The word ‘planet’ is derived from the Greek word for ‘wanderer’. Greek astronomers thought the planets were inexplicable celestial bodies wandering through space against a background of fixed-point stars. Their movements did not conform to the astronomers’ mathematical predictions. Equations could not describe them. They were unknowable.In Meg Howrey’s novel, a crew of world-class astronauts — Helen, Yoshi and Sergei — is on a simulated training mission in the Utah desert. Prime Space, a private aerospace exploration company, is preparing them for the first crewed mission to Mars. The elite, hand-picked crew are the wanderers, gazed upon from afar by Mission Control, the public and their families.
The astronauts are highly experienced, having served on previous missions and on board the International Space Station. And while their careers are mostly spent in training, it is the seduction of space travel that motivates them. The moment of leaving the Earth behind is their calling, their addiction:
Microgravity is the heroin, the God, the unrequited love, of astronauts. Nothing feels as good or does more damage.
Helen Kane is one of NASA’s finest, a recently retired astronaut and a choice pick for the Prime Space Eidolon mission. At 53 years old, this is her last shot at space travel. Should the crew be successful in this mission, they will journey to Mars and become the first humans to visit the red planet. For Helen it would be the pinnacle of an already decorated space career:
It is not anyone’s fault, or responsibility, that the best of her exists in space, that she knows she’s at the height of her powers, that if she doesn’t go back up, then she has run out of road before she has run out of breath. And how many years left on Earth for her? Consigned to a lesser version of herself on a planet that had also seen better days. Cast out from heaven into a melting Eden.
Joining Helen is Sergei, a Russian cosmonaut recently divorced from his wife, and Yoshi, a married but childless Japanese astronaut. Prime Space has selected this crew for their individual skills and strengths, as well as their compatibility as a team. During their 17 months in the Utah desert the simulation puts Helen, Yoshi and Sergei through their paces to determine if they are resilient enough to send on a real mission to Mars. Life on a Mars mission, even a simulated one, is full of challenges. The crew face compromises around their personal space, exercise, food and hygiene. The astronauts are being prepared and tested:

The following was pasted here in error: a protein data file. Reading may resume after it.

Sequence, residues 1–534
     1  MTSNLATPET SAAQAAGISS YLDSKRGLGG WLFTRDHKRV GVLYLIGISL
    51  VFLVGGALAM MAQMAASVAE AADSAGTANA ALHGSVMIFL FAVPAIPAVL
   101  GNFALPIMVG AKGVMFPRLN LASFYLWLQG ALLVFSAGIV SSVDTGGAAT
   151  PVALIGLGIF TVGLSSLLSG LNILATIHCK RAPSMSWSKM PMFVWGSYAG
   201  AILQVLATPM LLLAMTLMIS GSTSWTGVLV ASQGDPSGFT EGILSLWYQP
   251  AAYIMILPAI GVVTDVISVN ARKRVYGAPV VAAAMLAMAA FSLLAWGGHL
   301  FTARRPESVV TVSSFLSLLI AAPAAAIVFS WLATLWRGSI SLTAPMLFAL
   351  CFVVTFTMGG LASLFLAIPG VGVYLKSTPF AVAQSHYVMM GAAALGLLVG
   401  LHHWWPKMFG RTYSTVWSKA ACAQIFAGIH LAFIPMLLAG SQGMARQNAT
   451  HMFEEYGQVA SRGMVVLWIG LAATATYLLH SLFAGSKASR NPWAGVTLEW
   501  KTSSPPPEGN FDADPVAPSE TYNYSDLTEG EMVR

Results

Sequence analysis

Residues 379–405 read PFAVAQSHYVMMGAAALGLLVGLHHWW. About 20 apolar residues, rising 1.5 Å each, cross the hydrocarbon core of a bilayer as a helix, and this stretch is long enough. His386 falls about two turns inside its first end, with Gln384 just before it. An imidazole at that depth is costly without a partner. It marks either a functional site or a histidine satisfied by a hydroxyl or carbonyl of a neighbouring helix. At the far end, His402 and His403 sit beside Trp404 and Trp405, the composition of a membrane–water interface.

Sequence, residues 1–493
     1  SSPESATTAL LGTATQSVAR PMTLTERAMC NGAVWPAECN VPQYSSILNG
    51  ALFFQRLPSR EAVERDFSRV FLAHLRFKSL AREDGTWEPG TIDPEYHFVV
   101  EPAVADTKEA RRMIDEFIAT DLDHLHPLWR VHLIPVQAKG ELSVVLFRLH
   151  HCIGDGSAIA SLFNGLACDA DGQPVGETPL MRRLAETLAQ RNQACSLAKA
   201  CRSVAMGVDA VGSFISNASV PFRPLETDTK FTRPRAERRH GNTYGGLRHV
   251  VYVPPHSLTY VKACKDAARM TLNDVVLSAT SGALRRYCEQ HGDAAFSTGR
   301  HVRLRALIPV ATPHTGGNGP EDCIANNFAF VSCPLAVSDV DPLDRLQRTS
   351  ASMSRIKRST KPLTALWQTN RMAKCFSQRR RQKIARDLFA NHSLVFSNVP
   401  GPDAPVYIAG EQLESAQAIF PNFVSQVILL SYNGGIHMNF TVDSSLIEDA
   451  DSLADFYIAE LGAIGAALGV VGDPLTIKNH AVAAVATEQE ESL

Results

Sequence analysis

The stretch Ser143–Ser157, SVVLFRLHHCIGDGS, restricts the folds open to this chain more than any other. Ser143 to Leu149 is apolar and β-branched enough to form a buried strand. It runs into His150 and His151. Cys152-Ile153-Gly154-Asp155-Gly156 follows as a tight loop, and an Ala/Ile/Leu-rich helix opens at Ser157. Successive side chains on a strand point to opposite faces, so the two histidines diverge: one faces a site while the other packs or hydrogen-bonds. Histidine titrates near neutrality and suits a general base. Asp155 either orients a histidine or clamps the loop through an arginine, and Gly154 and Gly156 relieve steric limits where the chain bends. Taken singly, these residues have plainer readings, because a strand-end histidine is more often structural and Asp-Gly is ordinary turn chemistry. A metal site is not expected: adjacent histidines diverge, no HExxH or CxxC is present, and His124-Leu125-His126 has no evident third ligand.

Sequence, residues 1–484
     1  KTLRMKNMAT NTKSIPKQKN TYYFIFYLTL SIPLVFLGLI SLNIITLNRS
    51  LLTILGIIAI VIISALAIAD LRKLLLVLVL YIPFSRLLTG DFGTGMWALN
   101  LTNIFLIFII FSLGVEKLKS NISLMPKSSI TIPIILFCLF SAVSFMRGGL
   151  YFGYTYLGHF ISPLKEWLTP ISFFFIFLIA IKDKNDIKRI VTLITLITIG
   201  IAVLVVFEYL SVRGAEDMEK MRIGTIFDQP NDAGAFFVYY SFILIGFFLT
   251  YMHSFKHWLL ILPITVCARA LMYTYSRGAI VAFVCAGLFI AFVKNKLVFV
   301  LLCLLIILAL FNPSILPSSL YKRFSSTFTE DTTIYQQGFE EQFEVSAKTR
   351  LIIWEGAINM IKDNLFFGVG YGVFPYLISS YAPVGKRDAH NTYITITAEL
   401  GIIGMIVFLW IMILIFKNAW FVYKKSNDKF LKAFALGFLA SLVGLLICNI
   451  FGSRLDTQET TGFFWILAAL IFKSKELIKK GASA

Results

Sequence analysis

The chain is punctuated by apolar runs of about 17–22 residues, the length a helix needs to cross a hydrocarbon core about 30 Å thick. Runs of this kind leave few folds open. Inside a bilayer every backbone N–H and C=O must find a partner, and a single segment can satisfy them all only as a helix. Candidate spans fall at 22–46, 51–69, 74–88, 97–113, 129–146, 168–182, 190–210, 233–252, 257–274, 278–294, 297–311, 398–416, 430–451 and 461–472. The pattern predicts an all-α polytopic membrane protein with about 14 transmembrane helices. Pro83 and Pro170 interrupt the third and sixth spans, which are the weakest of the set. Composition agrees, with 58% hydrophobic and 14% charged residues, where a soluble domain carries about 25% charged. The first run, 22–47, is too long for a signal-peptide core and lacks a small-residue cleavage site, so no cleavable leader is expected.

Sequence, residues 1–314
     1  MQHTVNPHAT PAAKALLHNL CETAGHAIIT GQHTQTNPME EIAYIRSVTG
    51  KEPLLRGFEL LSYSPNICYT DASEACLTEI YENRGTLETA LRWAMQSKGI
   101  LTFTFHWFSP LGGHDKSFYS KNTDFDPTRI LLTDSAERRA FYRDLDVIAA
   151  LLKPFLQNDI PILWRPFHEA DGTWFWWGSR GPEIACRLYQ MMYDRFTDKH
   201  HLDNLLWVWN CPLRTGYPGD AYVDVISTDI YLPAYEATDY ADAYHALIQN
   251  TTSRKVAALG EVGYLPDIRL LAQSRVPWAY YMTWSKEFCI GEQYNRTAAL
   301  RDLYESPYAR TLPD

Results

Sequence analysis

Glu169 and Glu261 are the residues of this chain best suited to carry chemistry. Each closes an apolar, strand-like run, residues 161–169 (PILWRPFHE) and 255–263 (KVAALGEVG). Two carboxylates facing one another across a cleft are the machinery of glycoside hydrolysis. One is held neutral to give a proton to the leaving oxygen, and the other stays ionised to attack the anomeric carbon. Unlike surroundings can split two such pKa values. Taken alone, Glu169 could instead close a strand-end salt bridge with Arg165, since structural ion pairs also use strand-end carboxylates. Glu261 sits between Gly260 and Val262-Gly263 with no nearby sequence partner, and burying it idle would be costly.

Who are these people that can withstand such a trip, the danger, the risk, the isolation, the pressure? What can these people teach us?
Aside from the physical constraints they are bound by, the crew also endures the extended psychological and emotional toll of being away from their families and from Earth. An infinite loneliness stretches out across this novel. Howrey asks if we are alone in the universe. In a space novel, you might expect that question to focus on the possibilities for carbon-based life on another planet. But it is a deeper question that concerns Howrey. In the vast, winding space of the human condition, are our connections to each other elliptical?
While the novel is marketed as science fiction, it is science-lite, and is more comfortably characterised as literary fiction. This is no space blockbuster. It is an introspective, character-driven novel. At the heart of the book lie not aliens and spacecraft, but Howrey’s exploration of the relationships of the crew to each other as well as their relationship to their families. There is a great distance between the crew and their family members, exacerbated by their months away in the training program. Howrey explores this distance and juxtaposes the restraint and control of the Mars simulation against the chaos happening in the lives of the families back on Earth.